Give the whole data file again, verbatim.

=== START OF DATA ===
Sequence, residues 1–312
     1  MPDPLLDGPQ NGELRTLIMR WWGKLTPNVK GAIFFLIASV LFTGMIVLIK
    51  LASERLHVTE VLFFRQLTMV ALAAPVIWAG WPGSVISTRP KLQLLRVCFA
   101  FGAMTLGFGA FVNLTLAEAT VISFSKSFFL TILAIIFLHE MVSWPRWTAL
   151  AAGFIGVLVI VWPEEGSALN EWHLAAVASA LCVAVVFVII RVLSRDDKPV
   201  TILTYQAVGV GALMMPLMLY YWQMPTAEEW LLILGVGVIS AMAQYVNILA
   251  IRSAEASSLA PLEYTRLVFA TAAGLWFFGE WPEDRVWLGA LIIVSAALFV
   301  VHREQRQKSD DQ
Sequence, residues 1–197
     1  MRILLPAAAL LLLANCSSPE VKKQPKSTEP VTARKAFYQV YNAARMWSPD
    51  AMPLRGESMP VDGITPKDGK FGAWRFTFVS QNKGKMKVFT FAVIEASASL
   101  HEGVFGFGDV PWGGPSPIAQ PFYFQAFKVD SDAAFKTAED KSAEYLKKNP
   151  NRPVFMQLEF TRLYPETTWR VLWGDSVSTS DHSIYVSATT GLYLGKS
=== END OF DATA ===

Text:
Sequence, residues 1–312
     1  MPDPLLDGPQ NGELRTLIMR WWGKLTPNVK GAIFFLIASV LFTGMIVLIK
    51  LASERLHVTE VLFFRQLTMV ALAAPVIWAG WPGSVISTRP KLQLLRVCFA
   101  FGAMTLGFGA FVNLTLAEAT VISFSKSFFL TILAIIFLHE MVSWPRWTAL
   151  AAGFIGVLVI VWPEEGSALN EWHLAAVASA LCVAVVFVII RVLSRDDKPV
   201  TILTYQAVGV GALMMPLMLY YWQMPTAEEW LLILGVGVIS AMAQYVNILA
   251  IRSAEASSLA PLEYTRLVFA TAAGLWFFGE WPEDRVWLGA LIIVSAALFV
   301  VHREQRQKSD DQ
Sequence, residues 1–197
     1  MRILLPAAAL LLLANCSSPE VKKQPKSTEP VTARKAFYQV YNAARMWSPD
    51  AMPLRGESMP VDGITPKDGK FGAWRFTFVS QNKGKMKVFT FAVIEASASL
   101  HEGVFGFGDV PWGGPSPIAQ PFYFQAFKVD SDAAFKTAED KSAEYLKKNP
   151  NRPVFMQLEF TRLYPETTWR VLWGDSVSTS DHSIYVSATT GLYLGKS